Meaningful Work

An Incredible Lesson in Vocation

Most of us have jobs.  That’s a good thing.  The problem is that most of us would say our companies just don’t care about anything other than making money.  You know the answer to the age old question, “What is the purpose of a corporation?”  Return shareholder value, right?  Most workers just want to get paid.  Cogs in a machine.

What if our work was about something more?  What if that pull on your heartstrings for something that is actually fulfilling is there for a reason?  What would it look like to have meaningful work?

I just read an amazing book by Shawn Askinosie with that idea at its core (and its title, “Meaningful Work”).  I’ll save the long summary of the book, because you need to read it. What I want to share is how Shawn’s book can make you feel alive and desire something greater, even demand something greater, from our work.

The big idea is to completely unlearn, and then relearn, what it means to have a vocation.  What come to your mind when you hear that word, “vocation?”  Many folks think of church ministers or religious roles.  Maybe you do think of your job, or a career in general.  When I searched for the definition online I found this:

vocation: a person’s employment or main occupation, especially regarded as particularly worthy and requiring great dedication

Interesting.  Shawn unpacks the word and gives it a much more inspiring meaning.  Full disclosure, I am just sitting in a coffee shop recounting from memory what struck me from the book.  Like I said earlier, read it.  You can buy a copy just about anywhere.  Go here, now, and buy it.

A vocation is more than just a person’s employment, no matter how much dedication is required for that work.  It is a purpose and a meaning behind why the work we do matters.  And that reason should be something greater than to make a profit.  Yes, profit is important.  Without it, we can’t fulfill our vocation because there won’t be a business there to see it through.  But profit is a lousy vocation.

The vocation at Askinosie Chocolate, Shawn’s business, is to serve and support every person who comes into contact with their amazing company.  They are building a business with a soul.  The most visible demonstrations of their vocation is through  relationships and programs with origin farmers of their world-class cacao beans in places like Tanzania.  I don’t have the “wow” stats and numbers in front of me, but their small business is going to help a whole load of people around the world this year.

And it’s not just that they send money to these places.  That’s easy.  Lots of companies check the “corporate social responsibility” box by writing big checks and hosting a couple events for employees to help out.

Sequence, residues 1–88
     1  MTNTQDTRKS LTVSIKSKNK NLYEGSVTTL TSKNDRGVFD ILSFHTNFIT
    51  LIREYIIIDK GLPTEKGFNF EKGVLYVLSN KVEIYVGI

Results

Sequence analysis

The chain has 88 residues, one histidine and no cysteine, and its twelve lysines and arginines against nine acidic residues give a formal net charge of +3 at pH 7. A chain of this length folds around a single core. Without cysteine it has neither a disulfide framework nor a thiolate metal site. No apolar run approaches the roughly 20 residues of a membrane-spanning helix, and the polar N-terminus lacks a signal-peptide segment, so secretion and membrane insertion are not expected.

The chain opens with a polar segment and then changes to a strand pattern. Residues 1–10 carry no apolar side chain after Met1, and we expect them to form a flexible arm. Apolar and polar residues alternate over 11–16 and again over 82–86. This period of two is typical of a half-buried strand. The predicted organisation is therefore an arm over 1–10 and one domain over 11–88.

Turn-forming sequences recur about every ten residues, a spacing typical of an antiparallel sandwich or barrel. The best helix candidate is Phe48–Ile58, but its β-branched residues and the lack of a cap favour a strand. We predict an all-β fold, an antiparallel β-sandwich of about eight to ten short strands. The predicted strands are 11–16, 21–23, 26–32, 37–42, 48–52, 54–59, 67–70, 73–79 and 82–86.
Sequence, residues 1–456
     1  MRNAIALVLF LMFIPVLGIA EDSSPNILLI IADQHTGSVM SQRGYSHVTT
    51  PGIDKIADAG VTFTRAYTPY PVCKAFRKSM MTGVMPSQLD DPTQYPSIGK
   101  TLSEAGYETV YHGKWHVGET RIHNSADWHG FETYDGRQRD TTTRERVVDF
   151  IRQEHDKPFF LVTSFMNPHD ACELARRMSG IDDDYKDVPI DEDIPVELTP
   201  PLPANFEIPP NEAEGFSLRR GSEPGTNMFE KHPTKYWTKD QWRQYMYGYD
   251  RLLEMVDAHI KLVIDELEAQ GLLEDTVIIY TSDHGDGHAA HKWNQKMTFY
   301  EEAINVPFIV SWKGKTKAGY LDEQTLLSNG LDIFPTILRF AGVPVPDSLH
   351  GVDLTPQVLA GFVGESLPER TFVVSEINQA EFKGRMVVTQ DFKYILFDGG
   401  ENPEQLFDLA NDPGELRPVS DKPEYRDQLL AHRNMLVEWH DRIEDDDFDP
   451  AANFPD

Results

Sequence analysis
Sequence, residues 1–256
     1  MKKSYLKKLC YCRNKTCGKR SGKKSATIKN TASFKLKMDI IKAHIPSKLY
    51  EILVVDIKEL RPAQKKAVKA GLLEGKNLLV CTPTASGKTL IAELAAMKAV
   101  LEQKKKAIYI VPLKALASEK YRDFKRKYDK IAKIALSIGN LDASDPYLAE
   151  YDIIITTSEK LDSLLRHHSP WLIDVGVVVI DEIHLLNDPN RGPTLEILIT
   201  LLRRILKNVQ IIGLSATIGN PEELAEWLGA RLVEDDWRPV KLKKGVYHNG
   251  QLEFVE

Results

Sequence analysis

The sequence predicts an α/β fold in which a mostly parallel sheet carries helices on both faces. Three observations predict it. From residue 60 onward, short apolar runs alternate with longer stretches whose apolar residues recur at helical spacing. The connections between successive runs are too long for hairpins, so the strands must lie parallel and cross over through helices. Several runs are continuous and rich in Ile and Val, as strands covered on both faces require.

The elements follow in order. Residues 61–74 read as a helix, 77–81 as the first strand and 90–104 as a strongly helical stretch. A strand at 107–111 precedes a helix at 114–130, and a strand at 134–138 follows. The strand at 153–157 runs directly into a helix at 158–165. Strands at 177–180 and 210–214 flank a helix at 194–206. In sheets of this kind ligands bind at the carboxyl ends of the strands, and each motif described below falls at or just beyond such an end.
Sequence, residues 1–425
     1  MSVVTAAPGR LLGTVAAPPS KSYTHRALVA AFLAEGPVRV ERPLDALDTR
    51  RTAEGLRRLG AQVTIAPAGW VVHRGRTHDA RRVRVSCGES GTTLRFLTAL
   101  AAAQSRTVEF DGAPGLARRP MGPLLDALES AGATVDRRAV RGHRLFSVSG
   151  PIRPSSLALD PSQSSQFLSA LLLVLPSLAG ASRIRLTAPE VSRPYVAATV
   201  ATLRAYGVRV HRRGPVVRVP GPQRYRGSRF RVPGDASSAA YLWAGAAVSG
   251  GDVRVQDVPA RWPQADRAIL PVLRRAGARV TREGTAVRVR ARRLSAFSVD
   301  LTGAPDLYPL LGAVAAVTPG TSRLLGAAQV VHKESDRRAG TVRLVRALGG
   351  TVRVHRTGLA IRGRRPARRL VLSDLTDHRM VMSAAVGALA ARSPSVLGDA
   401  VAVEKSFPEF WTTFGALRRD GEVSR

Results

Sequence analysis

Their team, the people who work in the business (in other words, it would be YOU if you worked there) are the ones doing the good.  They are coming up with these ideas to serve people. Part of their job is to live the vocation.  Part of their life is to bless these people.

There is a section in the book where Shawn says, “It’s not about the chocolate.  It’s about the chocolate.”  Odd saying, but true.  The really incredible and life-changing part of Askinosie Chocolate is not about a candy bar, it’s about changing lives and making the world a better place.  But at the same time, every single thing they do is about creating the most delicious chocolate in the world and running a great company.  They are not looking for customers to buy their product because they help people.  Quite the opposite. They want to have the best product in the world, so customers absolutely want to buy it, AND they are going to help people. Why?

Because it’s their vocation.  It’s a driving force in everything they do.  Because there is nothing like it.

I want to be a part of a business like this.  Immediately, though, my brain puts up excuses that the company I work for will never be like that.  And I’m not ready to start my own business.  Maybe you have already been thinking the same thing.  I mean, Shawn was a successful lawyer who started his own company and probably had no risk in doing all this good in the world.

First of all, not really true (did I mention to read the book?).  Second of all, excuses are worthless.  I invite you join me in the challenge of bringing this change into your workplace the best you can.  Be bold, and change our work into vocation.  Start with what you can control.  Invite others to join you.  Talk to you boss.  Talk to THE boss.  Maybe buy them a copy of the book for Christmas!

Bottom line, turn your work into something greater than profit, greater than yourself.  Not sure how?  Not sure if you believe it?  A small chocolate company is changing the world, folks.  We can too.

Read more about Askinosie Chocolate at

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